Like What?
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(no subject) - (Anonymous)
User: dirkcjelli
Date: 2007-11-17 02:57 (UTC)
Subject: (no subject)
Each is easily accountable for under metaphysical naturalism. In what sense do you mean they are irrational in the same way faith is irrational?

(Faith is irrational because it abuses logic and reason, pays no attention to evidence or the real world... do love and imagination share these traits?)
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(no subject) - (Anonymous)
User: dirkcjelli
Date: 2007-11-17 21:34 (UTC)
Subject: (no subject)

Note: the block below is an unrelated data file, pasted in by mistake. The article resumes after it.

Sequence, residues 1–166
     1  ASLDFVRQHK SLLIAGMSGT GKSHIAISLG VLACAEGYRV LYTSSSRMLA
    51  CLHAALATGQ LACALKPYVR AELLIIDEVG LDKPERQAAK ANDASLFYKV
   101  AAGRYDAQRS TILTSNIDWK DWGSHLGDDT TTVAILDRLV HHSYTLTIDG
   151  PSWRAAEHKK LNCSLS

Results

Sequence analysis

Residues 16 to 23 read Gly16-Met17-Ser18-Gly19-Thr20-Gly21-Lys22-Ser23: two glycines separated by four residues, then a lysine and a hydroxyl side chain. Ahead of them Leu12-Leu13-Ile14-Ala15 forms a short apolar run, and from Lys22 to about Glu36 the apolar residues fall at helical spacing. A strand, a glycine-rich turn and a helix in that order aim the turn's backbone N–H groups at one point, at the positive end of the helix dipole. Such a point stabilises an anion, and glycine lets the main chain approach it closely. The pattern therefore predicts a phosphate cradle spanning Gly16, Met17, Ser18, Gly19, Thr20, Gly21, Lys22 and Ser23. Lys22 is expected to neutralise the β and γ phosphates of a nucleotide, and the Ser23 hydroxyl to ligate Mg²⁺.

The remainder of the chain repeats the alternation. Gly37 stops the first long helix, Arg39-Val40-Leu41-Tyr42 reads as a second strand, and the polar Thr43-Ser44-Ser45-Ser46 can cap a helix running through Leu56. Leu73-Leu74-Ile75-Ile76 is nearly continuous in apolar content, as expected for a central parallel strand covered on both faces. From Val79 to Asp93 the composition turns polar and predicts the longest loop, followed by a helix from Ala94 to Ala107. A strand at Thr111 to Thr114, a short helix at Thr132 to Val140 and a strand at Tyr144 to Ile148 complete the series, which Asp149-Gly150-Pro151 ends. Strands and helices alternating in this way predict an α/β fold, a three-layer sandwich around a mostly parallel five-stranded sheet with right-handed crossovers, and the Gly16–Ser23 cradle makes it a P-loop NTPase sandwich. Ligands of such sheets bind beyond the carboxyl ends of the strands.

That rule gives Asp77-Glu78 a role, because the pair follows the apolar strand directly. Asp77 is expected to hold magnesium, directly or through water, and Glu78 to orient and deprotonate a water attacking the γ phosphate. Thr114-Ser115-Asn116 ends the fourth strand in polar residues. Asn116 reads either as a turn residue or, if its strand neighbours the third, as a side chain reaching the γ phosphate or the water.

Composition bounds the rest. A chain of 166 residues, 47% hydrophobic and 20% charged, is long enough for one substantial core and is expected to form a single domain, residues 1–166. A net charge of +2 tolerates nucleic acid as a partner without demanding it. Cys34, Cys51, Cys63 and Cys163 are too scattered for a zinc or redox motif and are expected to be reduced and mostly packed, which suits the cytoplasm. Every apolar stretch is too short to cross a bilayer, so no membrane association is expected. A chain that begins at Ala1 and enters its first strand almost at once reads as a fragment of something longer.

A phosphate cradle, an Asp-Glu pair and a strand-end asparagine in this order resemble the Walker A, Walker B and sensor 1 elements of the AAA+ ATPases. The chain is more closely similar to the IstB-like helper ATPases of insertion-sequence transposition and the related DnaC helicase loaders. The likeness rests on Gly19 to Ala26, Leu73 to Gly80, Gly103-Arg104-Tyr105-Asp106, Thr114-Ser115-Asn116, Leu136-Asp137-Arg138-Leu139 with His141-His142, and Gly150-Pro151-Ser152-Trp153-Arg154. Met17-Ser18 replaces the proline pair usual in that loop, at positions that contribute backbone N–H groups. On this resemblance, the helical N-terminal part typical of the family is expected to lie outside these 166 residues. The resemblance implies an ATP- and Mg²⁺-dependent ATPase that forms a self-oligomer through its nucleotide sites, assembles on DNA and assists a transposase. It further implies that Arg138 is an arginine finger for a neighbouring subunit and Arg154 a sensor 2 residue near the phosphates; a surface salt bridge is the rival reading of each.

Imagination wouldn't be especially useful if it didn't have any bearing on the real world... and to suggest there are -no- reasons why we love those we do doesn't make much sense either.
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(no subject) - (Anonymous) Expand
(no subject) - (Anonymous) Expand
User: joycemocha
Date: 2007-11-20 13:13 (UTC)
Subject: (no subject)
Props!

I agree with you. One reason I *so strongly* want separation of church and state is that I don't want a state religion telling me what to believe.

And those strongly in favor of a theocratic state would have the exact opposite reaction if it was a denomination other than their very own in charge of things.